Thanks for letting me know. In that case, I may have to clarify slightly. The exam isn't such that they say "You can dance the AT" as in that it implies any skill, it's more about the interpretation and musicality you display, it is more an award for your performance than having a set-in-stone structure that you simply must achieve in order to pass.

    I hope that makes sense?
     
  16. Angel HI

    Angel HI Well-Known Member

    Welcome to the DF ,DJ.

    Though all true, nonnative tango dancers fail to realize that native tangueros/as have done all of these things for decades.
    Agreed...and, both. AT could be very positive b/c it has much to offer BR. The sad fact is that BR will never acknowledge this. This isn't to say that AT will not become included into the BR mainstream...I believe that it will, but it will never be recognized for all that it has to offer. The other sad truth is that if/when AT is brought into the BR mainstream, it will, very devastatingly, be systemized/syllabutized; bronzed/golded; slowed/quicked into the same technically obscured mass of step-mess that seems to be the future of BR that we see today.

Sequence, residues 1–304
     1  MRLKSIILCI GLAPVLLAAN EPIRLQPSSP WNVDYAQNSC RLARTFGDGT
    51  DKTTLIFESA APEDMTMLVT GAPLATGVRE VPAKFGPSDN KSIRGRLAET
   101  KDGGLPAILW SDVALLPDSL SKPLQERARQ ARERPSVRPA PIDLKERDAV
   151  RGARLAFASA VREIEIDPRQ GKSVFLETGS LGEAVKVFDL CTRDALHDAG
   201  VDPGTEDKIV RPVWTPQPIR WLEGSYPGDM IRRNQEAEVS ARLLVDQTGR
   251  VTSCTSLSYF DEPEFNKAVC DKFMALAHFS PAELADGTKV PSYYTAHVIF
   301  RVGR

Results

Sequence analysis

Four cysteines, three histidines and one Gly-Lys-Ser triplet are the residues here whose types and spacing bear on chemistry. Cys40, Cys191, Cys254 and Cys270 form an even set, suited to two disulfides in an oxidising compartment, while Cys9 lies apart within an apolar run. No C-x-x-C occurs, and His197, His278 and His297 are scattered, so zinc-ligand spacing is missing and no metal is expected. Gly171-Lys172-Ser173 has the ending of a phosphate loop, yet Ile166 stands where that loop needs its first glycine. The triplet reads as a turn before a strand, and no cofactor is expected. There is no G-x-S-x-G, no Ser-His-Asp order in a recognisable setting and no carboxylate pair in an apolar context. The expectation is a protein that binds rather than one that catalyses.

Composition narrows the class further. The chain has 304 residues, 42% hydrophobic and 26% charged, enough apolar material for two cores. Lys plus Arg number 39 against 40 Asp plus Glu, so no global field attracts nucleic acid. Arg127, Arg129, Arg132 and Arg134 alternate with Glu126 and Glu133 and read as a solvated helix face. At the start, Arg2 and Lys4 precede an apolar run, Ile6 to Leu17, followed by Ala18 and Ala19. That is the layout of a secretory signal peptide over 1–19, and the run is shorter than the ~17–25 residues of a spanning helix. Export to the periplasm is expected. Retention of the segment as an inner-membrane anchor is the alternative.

I have no probleme with writing down what/how to teach AT in a logical/systematic manner. This is just plain common sense and good teaching. OK, yesm this is a syllabus. Yet, it doesn't have to be a syllabus of prescribed/prerequisited steps that define the dance. It can remain what syllabi were supposed to be...a logical/systematic manner of teaching mvoement basics and tango concepts.
     
  17. Dave Bailey

    Dave Bailey New Member

    Do you have any more information (i.e. a link to the organisation or the name)? - I'd be interested in seeing this.

    Apparently, there's a group teaching AT in St. Albans (http://www.and123.co.uk/latinlounge.htm) who also have some sort of exam thing - Bronze / Silver / Gold I think. Dunno what's involved, but I got a glimpse at the syllabus a few weeks back and it seemed quite sensible.
     
  18. Dave Bailey

    Dave Bailey New Member

    Ah, more information:
    http://www.and123.co.uk/medals.htm

    However, the UKA website is massively useless as far as actual information goes, so I'm no wiser as to the content or structure of the exams.
     
  19. bafonso

    bafonso New Member

    When BR people try to dabble in AT, things go wrong.
     
  20. dchester

    dchester Moderator Staff Member